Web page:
Many years ago I famously missed the century cut-off time on the Austin Livestrong course because I stopped to pet the llamas. It has been a recurring joke in my core group that I am not to pet llamas anymore, and I was determined this time to make good time. I was nervous about being able to finish such an ambitious course each day, sagging out just wasn’t an option, but then I found too many reasons to stop. There were fields of red peppers . . .


There were interesting people with unique ideas of where to store what clearly must be an extra helmet or perhaps a woolen sweater…(how YOU doin’?)


There were diversions aplenty…


Fortunately, I made good enough time to enjoy myself every step of the way throughout all days.

Day 1 finished with a horrific climb up to the night’s hotel; on this organized ride, hotel stays are included each night, along with all food. An absolutely incredible joy, you really only have to worry about riding your bike.

Day 2

Today was going to be a tough day, it was the longest and contained an optional massive climb. I was fortunate enough to have roomed that night with Val, that rep from Giant. We discussed how unhappy I had become on the TCR. It’s a fantastic bike, but completely wrong geometry for me; I was in a lot of pain. The handlebars were too wide and with an exceedingly long stem, I was reaching and suffering the whole day.

She offered me Giant’s AMAZING “Avail”- full carbon, Di2 shifting, women’s geometry- it was the “comfort” bike from day one, and I have to say I was never more comfortable. It’s absolute dream bike I started instantly planning to steal. On more than one occasion I was so impressed with the stiff response to my efforts I thought surely the electronic assist was helping to pedal.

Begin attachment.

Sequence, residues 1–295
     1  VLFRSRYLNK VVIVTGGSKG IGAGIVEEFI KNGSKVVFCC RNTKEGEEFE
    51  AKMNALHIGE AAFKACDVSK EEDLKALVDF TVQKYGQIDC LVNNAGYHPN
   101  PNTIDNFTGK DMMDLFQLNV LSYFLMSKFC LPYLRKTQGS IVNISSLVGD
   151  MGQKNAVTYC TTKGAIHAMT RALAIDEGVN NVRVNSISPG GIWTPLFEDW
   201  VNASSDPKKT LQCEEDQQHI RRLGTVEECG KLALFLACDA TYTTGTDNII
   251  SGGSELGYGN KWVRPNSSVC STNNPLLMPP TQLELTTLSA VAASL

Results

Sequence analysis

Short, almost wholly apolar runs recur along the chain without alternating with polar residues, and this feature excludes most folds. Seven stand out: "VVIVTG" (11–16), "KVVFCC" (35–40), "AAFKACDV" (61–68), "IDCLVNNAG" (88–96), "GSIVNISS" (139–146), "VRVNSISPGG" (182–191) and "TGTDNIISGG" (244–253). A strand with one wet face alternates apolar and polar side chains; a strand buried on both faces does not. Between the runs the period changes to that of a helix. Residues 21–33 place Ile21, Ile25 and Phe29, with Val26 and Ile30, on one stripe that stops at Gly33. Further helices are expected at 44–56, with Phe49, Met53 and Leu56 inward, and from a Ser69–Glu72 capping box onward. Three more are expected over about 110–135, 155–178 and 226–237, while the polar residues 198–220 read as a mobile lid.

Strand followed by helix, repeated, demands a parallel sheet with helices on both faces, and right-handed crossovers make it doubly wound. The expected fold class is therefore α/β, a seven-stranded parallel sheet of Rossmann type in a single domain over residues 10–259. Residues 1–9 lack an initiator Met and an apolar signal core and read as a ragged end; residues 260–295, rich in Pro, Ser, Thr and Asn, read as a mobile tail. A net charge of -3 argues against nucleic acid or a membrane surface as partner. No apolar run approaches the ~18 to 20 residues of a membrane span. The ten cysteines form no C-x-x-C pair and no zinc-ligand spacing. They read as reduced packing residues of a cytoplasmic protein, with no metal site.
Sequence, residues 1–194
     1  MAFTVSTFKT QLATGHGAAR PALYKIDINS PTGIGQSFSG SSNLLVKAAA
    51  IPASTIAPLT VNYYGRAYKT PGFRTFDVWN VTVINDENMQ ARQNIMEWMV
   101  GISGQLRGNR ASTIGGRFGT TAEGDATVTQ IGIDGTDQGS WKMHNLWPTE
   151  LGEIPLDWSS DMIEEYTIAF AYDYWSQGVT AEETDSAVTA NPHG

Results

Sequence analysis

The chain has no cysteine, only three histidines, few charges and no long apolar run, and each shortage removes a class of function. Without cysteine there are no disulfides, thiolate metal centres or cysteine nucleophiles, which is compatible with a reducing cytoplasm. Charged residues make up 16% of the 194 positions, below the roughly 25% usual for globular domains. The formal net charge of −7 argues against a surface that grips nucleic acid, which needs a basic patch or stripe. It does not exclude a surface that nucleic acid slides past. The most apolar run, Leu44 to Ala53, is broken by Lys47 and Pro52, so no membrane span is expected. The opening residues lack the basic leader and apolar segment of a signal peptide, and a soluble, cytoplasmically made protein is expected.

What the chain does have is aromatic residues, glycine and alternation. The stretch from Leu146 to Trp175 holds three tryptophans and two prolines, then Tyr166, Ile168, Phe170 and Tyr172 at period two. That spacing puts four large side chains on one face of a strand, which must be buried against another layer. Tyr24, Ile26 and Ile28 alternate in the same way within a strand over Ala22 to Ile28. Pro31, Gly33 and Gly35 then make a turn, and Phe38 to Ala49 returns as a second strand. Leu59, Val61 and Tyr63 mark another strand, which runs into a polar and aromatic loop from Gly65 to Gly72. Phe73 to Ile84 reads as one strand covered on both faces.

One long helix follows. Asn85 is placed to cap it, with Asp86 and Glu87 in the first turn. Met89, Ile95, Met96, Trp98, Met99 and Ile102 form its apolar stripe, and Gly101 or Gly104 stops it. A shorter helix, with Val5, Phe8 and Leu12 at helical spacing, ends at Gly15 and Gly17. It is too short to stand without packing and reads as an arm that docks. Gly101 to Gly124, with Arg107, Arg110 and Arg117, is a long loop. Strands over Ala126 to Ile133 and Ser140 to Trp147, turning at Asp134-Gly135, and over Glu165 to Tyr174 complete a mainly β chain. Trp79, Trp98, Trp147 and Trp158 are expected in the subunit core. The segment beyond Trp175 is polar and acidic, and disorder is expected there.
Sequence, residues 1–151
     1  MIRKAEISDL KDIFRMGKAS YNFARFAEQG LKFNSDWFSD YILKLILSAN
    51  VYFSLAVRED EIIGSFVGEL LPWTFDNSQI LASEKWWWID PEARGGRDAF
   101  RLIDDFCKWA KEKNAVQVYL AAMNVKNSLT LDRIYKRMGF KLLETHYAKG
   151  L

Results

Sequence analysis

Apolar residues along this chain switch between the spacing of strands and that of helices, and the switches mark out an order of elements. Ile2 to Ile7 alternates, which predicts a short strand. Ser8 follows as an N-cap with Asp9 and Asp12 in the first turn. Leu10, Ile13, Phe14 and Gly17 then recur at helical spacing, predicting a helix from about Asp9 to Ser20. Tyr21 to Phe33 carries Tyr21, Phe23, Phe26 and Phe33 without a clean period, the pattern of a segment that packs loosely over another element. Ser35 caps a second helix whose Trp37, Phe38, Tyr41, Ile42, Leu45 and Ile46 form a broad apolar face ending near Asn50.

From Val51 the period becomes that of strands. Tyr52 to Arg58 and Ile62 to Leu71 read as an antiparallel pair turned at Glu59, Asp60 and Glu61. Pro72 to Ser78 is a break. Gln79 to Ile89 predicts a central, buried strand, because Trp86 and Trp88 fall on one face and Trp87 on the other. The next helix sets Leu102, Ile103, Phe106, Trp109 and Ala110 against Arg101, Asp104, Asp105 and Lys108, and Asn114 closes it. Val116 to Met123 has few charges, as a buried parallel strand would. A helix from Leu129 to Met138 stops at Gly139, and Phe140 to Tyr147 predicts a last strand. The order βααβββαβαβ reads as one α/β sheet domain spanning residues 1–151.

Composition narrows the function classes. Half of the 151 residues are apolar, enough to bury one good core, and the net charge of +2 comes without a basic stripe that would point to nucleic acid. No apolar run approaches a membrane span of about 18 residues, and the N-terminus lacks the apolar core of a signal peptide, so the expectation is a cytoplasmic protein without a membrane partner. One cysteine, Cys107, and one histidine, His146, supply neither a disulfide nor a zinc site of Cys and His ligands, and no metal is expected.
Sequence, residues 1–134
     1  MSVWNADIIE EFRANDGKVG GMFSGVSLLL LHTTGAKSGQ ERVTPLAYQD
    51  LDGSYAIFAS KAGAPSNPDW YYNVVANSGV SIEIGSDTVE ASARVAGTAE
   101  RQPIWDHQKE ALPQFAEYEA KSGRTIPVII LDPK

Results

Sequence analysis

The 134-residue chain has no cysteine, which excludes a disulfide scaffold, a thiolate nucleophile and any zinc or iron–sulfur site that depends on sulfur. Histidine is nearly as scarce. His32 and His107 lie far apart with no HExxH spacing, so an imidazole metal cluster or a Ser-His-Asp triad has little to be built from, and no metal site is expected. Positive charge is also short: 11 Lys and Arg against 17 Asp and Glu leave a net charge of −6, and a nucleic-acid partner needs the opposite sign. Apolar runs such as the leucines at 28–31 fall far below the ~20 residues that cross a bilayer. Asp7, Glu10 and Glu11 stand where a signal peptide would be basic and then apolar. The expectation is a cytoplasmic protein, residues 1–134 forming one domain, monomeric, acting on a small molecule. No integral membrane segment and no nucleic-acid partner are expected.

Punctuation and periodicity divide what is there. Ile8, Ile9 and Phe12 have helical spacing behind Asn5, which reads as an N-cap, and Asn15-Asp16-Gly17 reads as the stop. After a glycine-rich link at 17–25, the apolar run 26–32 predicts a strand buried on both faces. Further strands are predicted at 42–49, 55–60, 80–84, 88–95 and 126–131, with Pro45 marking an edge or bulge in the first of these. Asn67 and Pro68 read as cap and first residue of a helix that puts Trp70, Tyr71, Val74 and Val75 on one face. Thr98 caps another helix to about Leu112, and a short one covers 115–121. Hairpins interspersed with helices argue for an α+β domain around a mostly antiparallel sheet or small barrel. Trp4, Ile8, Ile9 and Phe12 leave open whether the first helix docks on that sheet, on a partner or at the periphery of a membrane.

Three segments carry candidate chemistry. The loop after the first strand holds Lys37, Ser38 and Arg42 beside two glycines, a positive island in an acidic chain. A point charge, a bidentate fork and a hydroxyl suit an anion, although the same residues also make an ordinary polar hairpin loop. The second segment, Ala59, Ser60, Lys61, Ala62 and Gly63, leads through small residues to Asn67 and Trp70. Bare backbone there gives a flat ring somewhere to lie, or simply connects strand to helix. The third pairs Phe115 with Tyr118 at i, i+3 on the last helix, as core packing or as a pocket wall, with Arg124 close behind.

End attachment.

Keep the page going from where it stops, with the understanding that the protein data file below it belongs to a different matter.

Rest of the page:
It was on this day that I realized there is an absolute science to understanding route advice from other riders. I overheard one woman telling another that the beginning of this ride was going to be “brutal”, which scared me and likely the woman receiving this information.

After riding the decidedly not-brutal-for-me beginning of the ride, I started to qualify people in their ability to give route advice. I’m from New York, we have hills and mountains all over my base riding area. Another New Yorker needs no qualification, I’d accept their route advice point blank (unless of course they’re not a cyclist, I’ve fallen for that one before). If you’re from Iowa, or say, Kansas, your route advice comforts me, knowing full-well a brutal hill in Iowa can be the highway overpass. If you’re from Colorado and your route advice includes the word brutal, I’m going back to bed.

In any case, I got through the initial ride and set my sights on the who-was-I-kidding-it-was-never-actually-optional mountain.

At the decision point, my bike instinctively turned toward this climb, it was something like 1000 to 1400” climbing in just under 4 miles. Lacking knowledge of my limitations served me well here through the 6-13% sustained inclines. Along the course the organizers arranged for us to be riding with a team of professionals, the team name escaped me partly because I’m forgetful and partly because I sucked wheel so closely I could only ever focus on the space between my bike and whomever was fortunate enough to be pulling for me.

Cry O’Clock

The point is, on this climb there were a few pros peppered throughout the climb to help us along. Gil first came to me, and I told him to go away, I prefer to climb alone, partly because I was going just fast enough to stay upright, and partly because I was entering what I like to call, “Cry o’clock”.

Cry o’clock happens on every cancer-focused ride, and it’s probably the main reason I subject myself to suffering on the bike; cry o’clock gives me the opportunity to release what I’m holding and experiencing about the pain of cancer. As I struggle, I’m able to leave it all on the road. Sometimes I cry for myself, sometimes it’s for someone I know, but I always cry. I did not want someone with me for cry o’clock, it’s a somewhat sacred time. Admittedly, more than one Team Fatty member has helped me (or joined me) in cry o’clock, and I’ve always been grateful for them.

After finishing the — ok I’ll say it — brutal climb, we had time for a few pictures before zooming back down. The view was fantastic, but the people were better. What a great bonding moment to stand with other hypoxians.

SAG met us at the top and refreshed our water, and everyone was off again.